Appeal by defendants from Leatherwood, Judge. Judgment entered 16 April 1979 in District Court, Jackson County. Heard in the Court of Appeals 27 February 1980.
Arnold, Judge. Chief Judge Morris and Judge Vaughn concur.
The development of the law of prescriptive easements in North Carolina is set out in Dickinson v. Pake, 284 N.C. 576, 201 S.E.2d 897 (1974). In North Carolina, unlike the majority of other jurisdictions, we presume that the use of a way over another's land is permissive unless evidence appears to the contrary. Id. In the present controversy the sole issue is whether plaintiffs presented evidence sufficient to go to the jury that their use of the road over defendants' land was "adverse, hostile, or under a claim of right." See id. at 580, 201 S.E.2d 900.
Plaintiffs presented substantial evidence that they have used the road in question for many years. However, "[t]he mere use of a way over another's land cannot ripen into an easement by prescription, no matter how long it may be continued." Henry v. Farlow, 238 N.C. 542, 543, 78 S.E.2d 244, 245 (1953), citing numerous cases. Plaintiffs presented much evidence that they have never asked permission to use the road, but neither in their brief nor on oral argument were plaintiffs able to point to any evidence that their use of the road has been other than with defendants' permission. When plaintiffs were widening the portion of the road that lies on their property, they asked defendants for permission to come onto defendants' land and widen the road. "Mr. Leonard Potts spoke to Mr. Wade Burnette and cleared it with him to bring the bulldozer in and widen the road. . . ." Earlier, when the road was scraped, "they had to skip a certain space . . . because the Burnettes would not let them scrape that portion of the land." As for asking permission simply to travel the road, William Potts testified, "The reason I did not ask permission was that we thought it was a free country, not a bunch of hogs in there, and everybody was welcome to go where they wanted to." Leonard Potts testified, "As far back as I can remember . . . I never asked him for permission to use the road. It's a free country up there. We don't ask people. We just, they come over me and I go over them. . . . [W]e all go over one another's land and never think nothing about it." As the court said in Henry v. Farlow, id. at 544, 78 S.E.2d 245-46, "[t]he circumstance that the owners of the soil did not object to the use of the way harmonizes with the theory that they permitted the use of the way. There is, moreover, no inconsistency between the circumstance that the plaintiff . . . used the way without asking the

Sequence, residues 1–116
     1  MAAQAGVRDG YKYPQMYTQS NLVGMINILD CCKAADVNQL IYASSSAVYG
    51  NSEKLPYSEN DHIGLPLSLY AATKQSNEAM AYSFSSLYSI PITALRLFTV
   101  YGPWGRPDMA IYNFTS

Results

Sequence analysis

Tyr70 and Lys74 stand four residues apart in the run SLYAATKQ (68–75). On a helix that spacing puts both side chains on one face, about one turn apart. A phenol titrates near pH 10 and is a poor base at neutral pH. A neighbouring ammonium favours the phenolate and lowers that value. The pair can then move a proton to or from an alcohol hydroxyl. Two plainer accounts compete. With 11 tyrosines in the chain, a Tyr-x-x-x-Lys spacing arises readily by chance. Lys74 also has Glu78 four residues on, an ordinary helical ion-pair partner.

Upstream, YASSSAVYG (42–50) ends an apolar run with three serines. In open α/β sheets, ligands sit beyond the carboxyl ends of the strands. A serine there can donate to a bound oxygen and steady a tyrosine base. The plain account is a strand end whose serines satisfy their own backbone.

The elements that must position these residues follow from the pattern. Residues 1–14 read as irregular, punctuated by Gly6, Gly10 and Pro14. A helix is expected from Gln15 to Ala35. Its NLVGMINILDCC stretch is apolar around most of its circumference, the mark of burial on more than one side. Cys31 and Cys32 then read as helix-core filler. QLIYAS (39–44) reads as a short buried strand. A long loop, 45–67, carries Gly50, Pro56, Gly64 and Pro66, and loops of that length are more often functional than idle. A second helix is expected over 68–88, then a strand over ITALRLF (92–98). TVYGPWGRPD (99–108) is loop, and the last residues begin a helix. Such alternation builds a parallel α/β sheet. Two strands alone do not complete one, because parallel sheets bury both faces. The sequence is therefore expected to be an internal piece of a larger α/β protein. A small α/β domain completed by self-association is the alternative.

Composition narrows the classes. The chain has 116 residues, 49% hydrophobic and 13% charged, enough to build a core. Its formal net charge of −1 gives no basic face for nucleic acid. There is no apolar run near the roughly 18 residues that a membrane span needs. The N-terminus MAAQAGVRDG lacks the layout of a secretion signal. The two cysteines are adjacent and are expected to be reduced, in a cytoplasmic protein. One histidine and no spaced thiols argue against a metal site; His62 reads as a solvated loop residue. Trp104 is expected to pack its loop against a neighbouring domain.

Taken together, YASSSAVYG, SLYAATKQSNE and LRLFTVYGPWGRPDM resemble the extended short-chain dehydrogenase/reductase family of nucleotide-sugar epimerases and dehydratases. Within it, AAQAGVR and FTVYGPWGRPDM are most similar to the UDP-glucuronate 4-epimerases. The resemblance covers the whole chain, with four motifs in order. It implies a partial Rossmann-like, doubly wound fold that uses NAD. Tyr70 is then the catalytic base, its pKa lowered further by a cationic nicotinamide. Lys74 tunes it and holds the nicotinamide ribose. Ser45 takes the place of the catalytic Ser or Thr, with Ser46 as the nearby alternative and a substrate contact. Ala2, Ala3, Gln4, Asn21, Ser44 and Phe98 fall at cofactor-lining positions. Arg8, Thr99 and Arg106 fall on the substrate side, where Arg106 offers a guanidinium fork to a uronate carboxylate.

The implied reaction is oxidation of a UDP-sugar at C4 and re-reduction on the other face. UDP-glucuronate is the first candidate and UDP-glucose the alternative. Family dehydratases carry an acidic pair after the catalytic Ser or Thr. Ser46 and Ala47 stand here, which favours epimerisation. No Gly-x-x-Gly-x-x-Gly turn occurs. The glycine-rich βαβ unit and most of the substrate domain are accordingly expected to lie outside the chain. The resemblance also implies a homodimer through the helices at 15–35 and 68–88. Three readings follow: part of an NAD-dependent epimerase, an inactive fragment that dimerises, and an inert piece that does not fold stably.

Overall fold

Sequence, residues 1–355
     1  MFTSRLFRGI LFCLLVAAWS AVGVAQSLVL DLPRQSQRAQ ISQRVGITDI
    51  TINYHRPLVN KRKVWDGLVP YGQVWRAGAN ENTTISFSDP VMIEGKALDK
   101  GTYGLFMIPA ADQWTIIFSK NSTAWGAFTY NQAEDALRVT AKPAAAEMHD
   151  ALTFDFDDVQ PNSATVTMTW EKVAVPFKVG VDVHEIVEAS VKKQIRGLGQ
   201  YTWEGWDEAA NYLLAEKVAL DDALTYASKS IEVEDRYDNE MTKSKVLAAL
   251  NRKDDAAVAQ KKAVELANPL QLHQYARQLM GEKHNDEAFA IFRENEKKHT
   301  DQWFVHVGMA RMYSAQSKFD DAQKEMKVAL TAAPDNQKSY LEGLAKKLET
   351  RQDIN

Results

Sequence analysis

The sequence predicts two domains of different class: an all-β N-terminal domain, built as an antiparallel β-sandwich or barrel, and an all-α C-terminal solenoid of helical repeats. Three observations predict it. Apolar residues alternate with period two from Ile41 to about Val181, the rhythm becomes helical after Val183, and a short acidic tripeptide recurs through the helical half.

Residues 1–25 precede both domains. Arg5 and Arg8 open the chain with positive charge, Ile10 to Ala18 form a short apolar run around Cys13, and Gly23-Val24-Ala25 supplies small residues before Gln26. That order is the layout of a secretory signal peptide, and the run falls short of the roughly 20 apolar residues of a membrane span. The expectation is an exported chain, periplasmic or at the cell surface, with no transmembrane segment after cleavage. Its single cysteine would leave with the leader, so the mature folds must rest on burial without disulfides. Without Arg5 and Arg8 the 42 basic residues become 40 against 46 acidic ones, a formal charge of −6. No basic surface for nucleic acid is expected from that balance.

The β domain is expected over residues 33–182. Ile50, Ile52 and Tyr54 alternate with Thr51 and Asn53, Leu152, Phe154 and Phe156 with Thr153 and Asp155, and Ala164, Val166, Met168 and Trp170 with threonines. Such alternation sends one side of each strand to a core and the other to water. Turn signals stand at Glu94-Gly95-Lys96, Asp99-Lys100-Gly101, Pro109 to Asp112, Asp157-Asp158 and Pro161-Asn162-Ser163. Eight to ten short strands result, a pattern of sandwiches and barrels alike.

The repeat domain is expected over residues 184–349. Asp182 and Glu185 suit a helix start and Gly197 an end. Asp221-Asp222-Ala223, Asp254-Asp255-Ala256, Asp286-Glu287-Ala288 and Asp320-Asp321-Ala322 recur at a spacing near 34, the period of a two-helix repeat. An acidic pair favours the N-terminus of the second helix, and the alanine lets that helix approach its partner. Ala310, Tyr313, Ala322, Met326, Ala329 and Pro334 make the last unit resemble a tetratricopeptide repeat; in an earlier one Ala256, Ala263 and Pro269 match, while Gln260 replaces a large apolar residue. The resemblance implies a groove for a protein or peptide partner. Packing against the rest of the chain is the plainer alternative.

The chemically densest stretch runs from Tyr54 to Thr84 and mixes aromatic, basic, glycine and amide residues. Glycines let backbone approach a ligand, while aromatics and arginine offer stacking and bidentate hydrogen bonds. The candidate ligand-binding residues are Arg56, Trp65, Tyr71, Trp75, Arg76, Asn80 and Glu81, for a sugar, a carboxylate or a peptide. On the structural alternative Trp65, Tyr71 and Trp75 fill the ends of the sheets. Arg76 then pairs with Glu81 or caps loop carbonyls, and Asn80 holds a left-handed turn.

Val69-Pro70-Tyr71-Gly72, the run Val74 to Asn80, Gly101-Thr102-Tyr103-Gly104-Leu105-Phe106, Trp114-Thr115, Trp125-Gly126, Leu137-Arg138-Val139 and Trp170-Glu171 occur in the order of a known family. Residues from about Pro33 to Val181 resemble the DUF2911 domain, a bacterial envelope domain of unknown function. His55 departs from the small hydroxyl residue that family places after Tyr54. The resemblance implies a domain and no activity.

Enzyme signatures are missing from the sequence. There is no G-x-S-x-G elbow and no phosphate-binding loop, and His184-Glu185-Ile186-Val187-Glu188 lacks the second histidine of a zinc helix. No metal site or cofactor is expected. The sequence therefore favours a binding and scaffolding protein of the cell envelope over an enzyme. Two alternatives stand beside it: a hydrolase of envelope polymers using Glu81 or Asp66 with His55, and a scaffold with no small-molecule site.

owners of the soil for permission to do so, and the conclusion that the plaintiff . . . used the way with the implied consent of the owners of the soil." Furthermore, "[t]he law should, and does encourage acts of neighborly courtesy; a landowner who quietly acquiesces in the use of a path, or road, across his uncultivated land, resulting in no injury to him, but in great convenience to his neighbor, ought not to be held to have thereby lost his rights. It is only when the use of the path or road is clearly adverse to the owner of the land, and not an enjoyment of neighborly courtesy, that the land owner is called upon 'to go to law' to protect his rights." Weaver v. Pitts, 191 N.C. 747, 749, 133 S.E. 2, 3 (1926).
The court in Dickinson v. Pake, supra, pointed out that in order to establish that a use is hostile, it is not necessary to show a heated controversy, but it is necessary to show that the use was of a nature that would give the owner of the land notice that the use was being made under a claim of right. We do not find that the use here is of such a nature as to give notice to defendants that is under a claim of right. Furthermore, the idea that plaintiffs used the road under a claim of right adverse to defendants' rights is negated by the testimony of Wade Potts: "My claim for the use of this . . . road at least prior to this action has been based on both my assumption that the State was maintaining it and that it was a State road and it was based on the fact that I have used the road so long that I think I should have the privilege to get to my property."
We find that plaintiffs' evidence was insufficient to show that their use of the road was hostile to defendants' interest or under a claim of right, and accordingly that the evidence was insufficient to go to the jury. Cf. Watkins v. Smith, 40 N.C. App. 506, 253 S.E.2d 354 (1979); Coggins v. Fox, 34 N.C. App. 138, 237 S.E.2d 332 (1977). Defendants were entitled to a directed verdict or a judgment notwithstanding the verdict. The judgment of the trial court is